University of Bristol law graduate James Alexandroff (LLB 1979) has focused his energy and professional experience in creating a model of philanthropy that is sustainable and effective. We spoke to this year’s Alumni Award winner for Transformative Philanthropy about his personal journey and his approach to philanthropy. (more…)
The UK’s first female professor of meteorology, Professor Dame Julia Slingo OBE (BSc 1973, PhD 1989, Hon DSc 2010) broke the glass ceiling in the world of climate science and paved the way for more women to enter careers in scientific research. This year she is the recipient of the 2022 Alumni Award for Lifetime Achievement. We spoke to her about her time at Bristol, her impressive career as a climate scientist, the gender gap in research and the future of science for a fairer planet. (more…)
Three outstanding international academics are joining the University of Bristol after being awarded the prestigious Royal Society Wolfson Visiting Fellowship. One of them is the renowned geoscientist Professor Aradhna Tripati from the University of California (UCLA). Aradhna is passionate about fostering diverse voices in sciences and is the founder of the Center for Diverse Leadership in Science at UCLA. We talked to her about her journey into geoscience, diversity and inclusion in the field and her main research priorities during her time at Bristol. (more…)
Three outstanding international academics will join the University of Bristol this year after being awarded the prestigious Royal Society Wolfson Visiting Fellowship. These fellowships enable exceptional international researchers to undertake a flexible 12-month period of sabbatical leave to join a UK university, to foster international collaboration and enrich scientific research. (more…)
The University of Bristol is celebrating an incredible £2 million gift from alumnus David Hughes (BSc 1974). This gift will create two new positions at the University: a Chair of Geographical Sciences to support environmental research and a Chair of Digital Chemistry. (more…)
Dr Myles-Jay Linton demonstrates how early career research is supporting student mental health.
My work focuses on two primary areas: the mental health challenges faced by university students, and the outcomes of innovative mental health policies at the University of Bristol. In 2018, for example, the University launched an ‘opt-in policy’ which invites all students to give consent to the University to get in touch with an emergency contact if there is a serious concern about their welfare. The policy is the first of its kind in the UK and is designed to widen the circle of support for Bristol students. I work with students and staff to understand better how novel policies like this are interpreted and implemented. Approximately 95% of our students opt in, which is amazing, and we are working to understand who the remaining 5% are; without allowing us to reach out to a named emergency contact, they might be at higher risk. (more…)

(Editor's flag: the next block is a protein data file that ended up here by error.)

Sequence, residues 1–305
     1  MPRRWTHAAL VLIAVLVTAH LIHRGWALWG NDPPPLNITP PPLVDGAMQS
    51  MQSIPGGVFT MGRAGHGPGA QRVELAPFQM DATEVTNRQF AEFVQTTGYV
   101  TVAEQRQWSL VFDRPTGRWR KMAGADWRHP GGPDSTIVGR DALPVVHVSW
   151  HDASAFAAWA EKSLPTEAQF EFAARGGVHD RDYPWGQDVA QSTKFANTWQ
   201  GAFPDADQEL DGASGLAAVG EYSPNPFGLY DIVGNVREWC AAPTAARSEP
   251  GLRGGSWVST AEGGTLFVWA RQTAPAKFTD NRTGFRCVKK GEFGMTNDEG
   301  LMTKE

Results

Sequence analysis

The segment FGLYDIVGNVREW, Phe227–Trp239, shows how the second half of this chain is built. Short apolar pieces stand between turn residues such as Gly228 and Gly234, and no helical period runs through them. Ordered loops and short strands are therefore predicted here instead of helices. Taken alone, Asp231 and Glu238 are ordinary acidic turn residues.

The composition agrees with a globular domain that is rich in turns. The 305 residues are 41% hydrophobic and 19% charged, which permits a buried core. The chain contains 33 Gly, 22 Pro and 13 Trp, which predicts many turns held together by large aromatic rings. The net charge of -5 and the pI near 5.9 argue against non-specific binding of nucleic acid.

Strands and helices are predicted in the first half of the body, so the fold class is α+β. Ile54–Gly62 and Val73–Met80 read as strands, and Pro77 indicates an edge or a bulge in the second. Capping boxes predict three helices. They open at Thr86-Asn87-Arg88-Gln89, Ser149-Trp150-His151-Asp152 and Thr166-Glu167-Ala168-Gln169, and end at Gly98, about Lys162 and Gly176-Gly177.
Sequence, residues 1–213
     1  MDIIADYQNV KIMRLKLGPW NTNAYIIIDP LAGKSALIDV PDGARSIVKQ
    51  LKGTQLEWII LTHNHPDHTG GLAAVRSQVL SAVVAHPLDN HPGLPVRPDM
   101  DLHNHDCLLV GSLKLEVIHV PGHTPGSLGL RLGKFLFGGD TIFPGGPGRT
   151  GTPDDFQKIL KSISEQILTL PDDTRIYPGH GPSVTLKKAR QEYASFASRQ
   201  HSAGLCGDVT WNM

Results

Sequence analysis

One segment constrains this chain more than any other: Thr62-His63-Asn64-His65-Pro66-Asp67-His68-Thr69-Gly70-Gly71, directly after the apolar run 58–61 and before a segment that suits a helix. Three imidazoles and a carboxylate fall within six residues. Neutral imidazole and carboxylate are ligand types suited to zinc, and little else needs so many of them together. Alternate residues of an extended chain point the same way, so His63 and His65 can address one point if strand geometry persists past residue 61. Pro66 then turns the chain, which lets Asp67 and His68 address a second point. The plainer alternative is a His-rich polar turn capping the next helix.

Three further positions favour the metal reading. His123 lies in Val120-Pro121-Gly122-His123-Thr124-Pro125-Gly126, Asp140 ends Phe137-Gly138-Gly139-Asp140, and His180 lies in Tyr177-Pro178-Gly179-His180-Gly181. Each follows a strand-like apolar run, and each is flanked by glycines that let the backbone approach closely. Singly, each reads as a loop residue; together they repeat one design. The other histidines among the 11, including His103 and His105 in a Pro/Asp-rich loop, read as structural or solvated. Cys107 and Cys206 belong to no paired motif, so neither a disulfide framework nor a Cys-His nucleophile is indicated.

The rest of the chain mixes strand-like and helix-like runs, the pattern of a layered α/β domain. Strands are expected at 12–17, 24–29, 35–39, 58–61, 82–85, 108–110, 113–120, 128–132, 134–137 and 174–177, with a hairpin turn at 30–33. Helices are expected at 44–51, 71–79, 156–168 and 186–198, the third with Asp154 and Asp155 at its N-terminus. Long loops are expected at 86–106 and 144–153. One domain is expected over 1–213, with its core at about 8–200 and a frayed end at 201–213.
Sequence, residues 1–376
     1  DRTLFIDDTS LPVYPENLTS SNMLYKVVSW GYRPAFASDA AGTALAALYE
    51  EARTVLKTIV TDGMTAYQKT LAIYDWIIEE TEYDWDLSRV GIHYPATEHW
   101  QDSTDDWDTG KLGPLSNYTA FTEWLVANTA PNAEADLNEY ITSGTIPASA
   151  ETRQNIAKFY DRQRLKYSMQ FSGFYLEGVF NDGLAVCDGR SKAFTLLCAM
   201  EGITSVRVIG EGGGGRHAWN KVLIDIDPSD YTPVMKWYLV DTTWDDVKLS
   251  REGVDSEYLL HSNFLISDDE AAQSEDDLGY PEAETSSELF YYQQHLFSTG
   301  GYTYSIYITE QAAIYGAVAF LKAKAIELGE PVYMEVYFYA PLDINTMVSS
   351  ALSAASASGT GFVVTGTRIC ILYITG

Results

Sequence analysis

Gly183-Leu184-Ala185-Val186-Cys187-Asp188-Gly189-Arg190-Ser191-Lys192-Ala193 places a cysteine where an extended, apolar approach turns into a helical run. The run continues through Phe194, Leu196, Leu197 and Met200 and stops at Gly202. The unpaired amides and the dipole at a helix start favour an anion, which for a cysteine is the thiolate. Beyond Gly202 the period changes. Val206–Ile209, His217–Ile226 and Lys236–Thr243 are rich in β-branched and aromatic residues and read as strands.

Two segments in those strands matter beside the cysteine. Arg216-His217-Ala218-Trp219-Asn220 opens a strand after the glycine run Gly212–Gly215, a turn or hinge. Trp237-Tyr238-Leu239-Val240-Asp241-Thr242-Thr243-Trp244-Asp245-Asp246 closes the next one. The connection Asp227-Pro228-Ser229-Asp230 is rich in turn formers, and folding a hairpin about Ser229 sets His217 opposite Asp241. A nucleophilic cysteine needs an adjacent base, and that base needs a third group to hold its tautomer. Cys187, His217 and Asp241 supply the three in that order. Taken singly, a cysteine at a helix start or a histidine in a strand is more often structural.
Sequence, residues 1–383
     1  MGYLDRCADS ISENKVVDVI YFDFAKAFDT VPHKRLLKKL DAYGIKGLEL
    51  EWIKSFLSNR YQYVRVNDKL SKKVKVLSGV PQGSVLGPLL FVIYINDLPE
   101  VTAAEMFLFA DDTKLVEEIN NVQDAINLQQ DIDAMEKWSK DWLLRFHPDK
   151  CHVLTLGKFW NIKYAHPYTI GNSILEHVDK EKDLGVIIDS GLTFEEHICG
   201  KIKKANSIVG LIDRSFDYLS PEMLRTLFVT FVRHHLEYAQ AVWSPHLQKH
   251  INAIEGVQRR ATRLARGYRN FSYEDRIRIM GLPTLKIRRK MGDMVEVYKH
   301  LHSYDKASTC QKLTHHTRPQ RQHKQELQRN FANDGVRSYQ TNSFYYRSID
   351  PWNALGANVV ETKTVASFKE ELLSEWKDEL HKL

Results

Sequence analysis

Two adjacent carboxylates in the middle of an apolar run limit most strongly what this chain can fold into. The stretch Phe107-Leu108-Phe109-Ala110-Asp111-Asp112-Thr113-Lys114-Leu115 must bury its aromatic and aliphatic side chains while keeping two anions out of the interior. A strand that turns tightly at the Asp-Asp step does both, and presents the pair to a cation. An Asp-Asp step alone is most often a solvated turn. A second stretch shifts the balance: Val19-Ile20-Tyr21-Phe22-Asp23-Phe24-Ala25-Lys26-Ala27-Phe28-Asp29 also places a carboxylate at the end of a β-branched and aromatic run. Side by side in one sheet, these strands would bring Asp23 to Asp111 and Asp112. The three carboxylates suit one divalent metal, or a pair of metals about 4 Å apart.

Dr Eunice Lo describes the impact of seed funding on developing vital climate research.
My research explores what climate change means for extreme weather events, such as heatwaves, and how they impact human health. If we can understand the adverse impacts of a changing climate then we can make plans to avoid devastating outcomes, by reducing greenhouse gas emissions and adapting our society. (more…)
Research led by Dr Anu Goenka has shown how babies are protected from severe COVID-19 infections.
As a Clinical Lecturer in Paediatric Infectious Diseases and Immunology, much of my clinical and research work is carried out in the Bristol Royal Hospital for Children. When the COVID-19 pandemic hit, we weren’t sure how the disease would impact the young children and infants in our care.
Babies are very vulnerable to other respiratory viruses, such as the flu and RSV (respiratory syncytial virus), so initially we thought that they may also be susceptible to severe COVID-19. It soon became apparent, however, that the four babies at our hospital who had tested positive for coronavirus were only mildly affected by the disease, with all of them recovering after just a few days. (more…)
Philanthropic support has allowed PhD student Amy Holt to explore how aspirin could improve bowel cancer treatments.
I’ve always found cell biology fascinating: the way that cells work, how they build us as human beings and how they can cause disease. It’s what drew me to studying cancer. By learning about what goes wrong in cancer cells, we also learn a lot about normal cells and how they should function.
Bowel cancer has one of the highest mortality rates of any cancer, because it’s often detected at quite a late stage. Researchers have established that taking aspirin for long periods of time decreases your risk of developing bowel cancer. But what we don’t know is exactly why that is. Throughout my PhD, my research group and I have been exploring how aspirin influences cellular functions to make cells less likely to become cancerous and to slow the progression of a cancer. (more…)
As leaders from all over the world come together in Glasgow at the end of this month for COP26, the Cabot Institute for the Environment asks key environmentalists, what do we need to see happen at COP26 that we haven’t seen before? (more…)